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Can You Handle Drinking from the Internet Firehose?

We're distracting you with warnings about distractions now?

focus contactually1

This College Humor videoCollege Humor video was making the rounds the other day. It's pretty good, in an intentionally un-self-aware meta kind of way, since College Humor has been baiting us into opening new browser tabs since before browsers even HAD tabs, with content like this from when I first got to college more than ten years agolike this from when I first got to college more than ten years ago.

Just seeing that video takes me back. In August of 2000, when I watched this for the first time, there was no YouTube. You literally downloaded this video file to your laptop, and it was up to you to figure out what to do with it. There were no advertisements in it, no annotations that popped up. Just the fact that it was digital video of a place you recognized (this was filmed at my school a few years before I got there, from what I understand) was kind of amazing. And yet, everybody saw it. It went "viral" before the capacity for dumb videos to go viral even appeared to exist.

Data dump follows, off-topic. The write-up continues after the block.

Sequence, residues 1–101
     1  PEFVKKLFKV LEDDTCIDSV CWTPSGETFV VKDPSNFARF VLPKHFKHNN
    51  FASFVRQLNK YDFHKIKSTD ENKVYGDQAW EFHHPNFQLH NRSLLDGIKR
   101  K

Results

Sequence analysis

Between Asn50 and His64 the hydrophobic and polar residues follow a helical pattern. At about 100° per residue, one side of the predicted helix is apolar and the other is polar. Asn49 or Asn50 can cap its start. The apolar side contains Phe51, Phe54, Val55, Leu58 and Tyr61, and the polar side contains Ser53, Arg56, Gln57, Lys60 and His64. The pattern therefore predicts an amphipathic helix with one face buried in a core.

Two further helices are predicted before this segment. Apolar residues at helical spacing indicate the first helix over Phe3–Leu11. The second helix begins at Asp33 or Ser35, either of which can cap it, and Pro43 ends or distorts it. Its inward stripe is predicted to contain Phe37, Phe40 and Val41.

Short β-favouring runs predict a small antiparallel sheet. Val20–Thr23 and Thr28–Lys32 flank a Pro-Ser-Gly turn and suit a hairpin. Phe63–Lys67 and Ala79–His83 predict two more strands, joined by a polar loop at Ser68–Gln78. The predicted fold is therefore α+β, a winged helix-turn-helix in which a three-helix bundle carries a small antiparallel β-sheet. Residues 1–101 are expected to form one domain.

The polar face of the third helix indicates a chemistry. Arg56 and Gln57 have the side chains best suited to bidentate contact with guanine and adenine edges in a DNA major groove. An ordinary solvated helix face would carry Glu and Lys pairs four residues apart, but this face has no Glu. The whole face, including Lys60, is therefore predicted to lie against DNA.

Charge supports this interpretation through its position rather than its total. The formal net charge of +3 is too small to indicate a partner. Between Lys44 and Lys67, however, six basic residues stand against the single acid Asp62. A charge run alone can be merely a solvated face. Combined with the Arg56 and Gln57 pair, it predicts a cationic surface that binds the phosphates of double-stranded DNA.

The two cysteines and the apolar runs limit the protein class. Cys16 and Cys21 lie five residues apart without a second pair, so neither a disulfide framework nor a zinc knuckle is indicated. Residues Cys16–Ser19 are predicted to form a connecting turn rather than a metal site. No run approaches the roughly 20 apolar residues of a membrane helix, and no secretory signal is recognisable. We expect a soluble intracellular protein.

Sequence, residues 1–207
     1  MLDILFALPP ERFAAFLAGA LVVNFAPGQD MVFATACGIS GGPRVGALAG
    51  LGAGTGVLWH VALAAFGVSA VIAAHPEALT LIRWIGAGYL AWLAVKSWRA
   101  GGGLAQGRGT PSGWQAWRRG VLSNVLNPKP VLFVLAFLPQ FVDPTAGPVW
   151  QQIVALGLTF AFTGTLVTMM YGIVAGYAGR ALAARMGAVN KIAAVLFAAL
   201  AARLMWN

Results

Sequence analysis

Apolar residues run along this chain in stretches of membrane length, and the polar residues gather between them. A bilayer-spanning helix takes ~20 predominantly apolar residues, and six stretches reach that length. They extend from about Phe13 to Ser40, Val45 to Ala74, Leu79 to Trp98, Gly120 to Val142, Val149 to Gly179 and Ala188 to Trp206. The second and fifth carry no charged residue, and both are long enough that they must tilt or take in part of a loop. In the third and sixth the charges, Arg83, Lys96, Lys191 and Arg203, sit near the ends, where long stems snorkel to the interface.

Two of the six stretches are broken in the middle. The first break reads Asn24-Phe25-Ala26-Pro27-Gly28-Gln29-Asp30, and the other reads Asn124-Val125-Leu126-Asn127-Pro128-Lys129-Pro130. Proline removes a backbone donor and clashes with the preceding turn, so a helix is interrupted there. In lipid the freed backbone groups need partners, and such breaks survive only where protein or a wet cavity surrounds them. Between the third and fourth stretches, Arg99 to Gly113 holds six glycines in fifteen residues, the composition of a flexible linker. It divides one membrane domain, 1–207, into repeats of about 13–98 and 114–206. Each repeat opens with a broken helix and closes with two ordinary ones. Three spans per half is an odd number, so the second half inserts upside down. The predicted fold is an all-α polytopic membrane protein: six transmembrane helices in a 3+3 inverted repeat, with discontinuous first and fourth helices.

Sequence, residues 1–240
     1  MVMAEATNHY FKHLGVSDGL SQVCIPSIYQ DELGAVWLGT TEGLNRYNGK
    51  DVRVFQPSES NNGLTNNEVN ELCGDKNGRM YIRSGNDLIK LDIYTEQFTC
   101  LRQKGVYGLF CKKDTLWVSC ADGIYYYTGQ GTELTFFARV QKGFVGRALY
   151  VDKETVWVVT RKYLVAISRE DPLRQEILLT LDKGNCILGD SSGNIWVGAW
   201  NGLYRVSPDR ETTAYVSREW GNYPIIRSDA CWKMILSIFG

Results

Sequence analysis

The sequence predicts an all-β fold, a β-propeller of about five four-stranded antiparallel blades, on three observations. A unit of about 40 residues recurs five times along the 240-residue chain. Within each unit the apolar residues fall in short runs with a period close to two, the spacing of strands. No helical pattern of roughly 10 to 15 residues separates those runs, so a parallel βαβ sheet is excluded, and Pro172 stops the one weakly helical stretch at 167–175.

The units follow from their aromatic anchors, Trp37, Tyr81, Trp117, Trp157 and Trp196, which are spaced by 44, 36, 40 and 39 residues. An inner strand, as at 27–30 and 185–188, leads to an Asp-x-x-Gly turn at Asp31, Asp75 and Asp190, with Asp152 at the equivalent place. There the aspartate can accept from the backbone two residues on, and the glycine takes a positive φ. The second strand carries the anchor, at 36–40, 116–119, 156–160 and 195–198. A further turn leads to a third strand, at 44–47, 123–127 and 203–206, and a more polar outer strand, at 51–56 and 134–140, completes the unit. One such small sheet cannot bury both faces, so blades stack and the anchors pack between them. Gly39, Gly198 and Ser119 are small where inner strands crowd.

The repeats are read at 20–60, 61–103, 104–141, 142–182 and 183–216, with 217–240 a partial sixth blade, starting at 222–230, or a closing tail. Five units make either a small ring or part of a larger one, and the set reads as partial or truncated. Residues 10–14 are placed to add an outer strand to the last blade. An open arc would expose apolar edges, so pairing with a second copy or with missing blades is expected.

For a few months after I got to school, I had the literally unbelievable combination of Napster, and high speed internet. Two weeks before, I was downloading MIDI files of Green Day songsMIDI files of Green Day songs with my parents' dial-up modem, and all of a sudden, I could get literally anything I wanted, whenever I wanted in like, two minutes.

Meet the last of the analog children

Lately, I've realized that there's a sub-generation of people, of which I just so happen to belong to, who all experienced this kind of thing. We didn't grow up with the level of distraction that's par for the course right now, because it didn't exist. But when it finally arrived, we were the perfect age — somewhere between fifteen and say, twenty five — to learn how to adapt to it. Today, as functional adults, we can handle the information hose almost as well as kids who really DID grow up with it, but we're lucky enough to be in it, not of it. In theory at least, we know what we're giving up by plugging in.

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Other articles of interest: The Virtual Office Website | MLSFinder.com